Important differences have emerged between introspective measures of learning, such as recall and recognition, and performance measures, in which the performance of a task is facilitated by prior experience. Introspective remembering of unattended stimuli is poor. We investigated whether performance measures would also show a strong dependence on attention. Subjects performed a serial reaction time task comprised of a repeating 10-trial stimulus sequence. When this task was given under dual-task conditions, acquisition of the sequence as assessed by verbal reports and performance measures was minimal. Patients with Korsakoff's syndrome learned the sequence despite their lack of awareness of the repeating pattern. Results are discussed in terms of the attentional requirements of learning, the relation between learning and awareness, preserved learning in amnesia, and the separation of memory systems.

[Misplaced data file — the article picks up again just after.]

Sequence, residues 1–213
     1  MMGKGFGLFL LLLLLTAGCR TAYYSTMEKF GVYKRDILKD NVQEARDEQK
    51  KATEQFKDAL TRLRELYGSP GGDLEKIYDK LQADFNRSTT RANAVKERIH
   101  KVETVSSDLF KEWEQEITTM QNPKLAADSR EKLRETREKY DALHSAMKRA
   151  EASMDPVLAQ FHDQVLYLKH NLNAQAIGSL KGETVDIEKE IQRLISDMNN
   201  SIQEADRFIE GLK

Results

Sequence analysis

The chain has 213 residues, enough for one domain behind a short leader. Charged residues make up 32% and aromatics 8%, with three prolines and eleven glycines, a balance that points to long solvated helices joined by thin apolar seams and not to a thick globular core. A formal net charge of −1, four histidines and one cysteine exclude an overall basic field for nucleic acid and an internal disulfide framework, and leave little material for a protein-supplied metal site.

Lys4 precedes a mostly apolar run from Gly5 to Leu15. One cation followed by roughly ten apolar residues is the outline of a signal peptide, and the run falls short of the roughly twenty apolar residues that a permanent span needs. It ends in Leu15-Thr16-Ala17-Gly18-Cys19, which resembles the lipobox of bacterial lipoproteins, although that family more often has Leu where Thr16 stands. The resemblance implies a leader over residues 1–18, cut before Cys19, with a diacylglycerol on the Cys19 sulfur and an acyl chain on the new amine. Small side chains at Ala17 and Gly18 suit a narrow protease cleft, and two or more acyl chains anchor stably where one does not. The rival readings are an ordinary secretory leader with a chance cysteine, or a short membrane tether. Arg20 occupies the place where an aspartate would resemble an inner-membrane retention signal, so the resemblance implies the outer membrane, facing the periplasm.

Mendeley saves you time finding and organizing research
Choose a citation style from the tabs below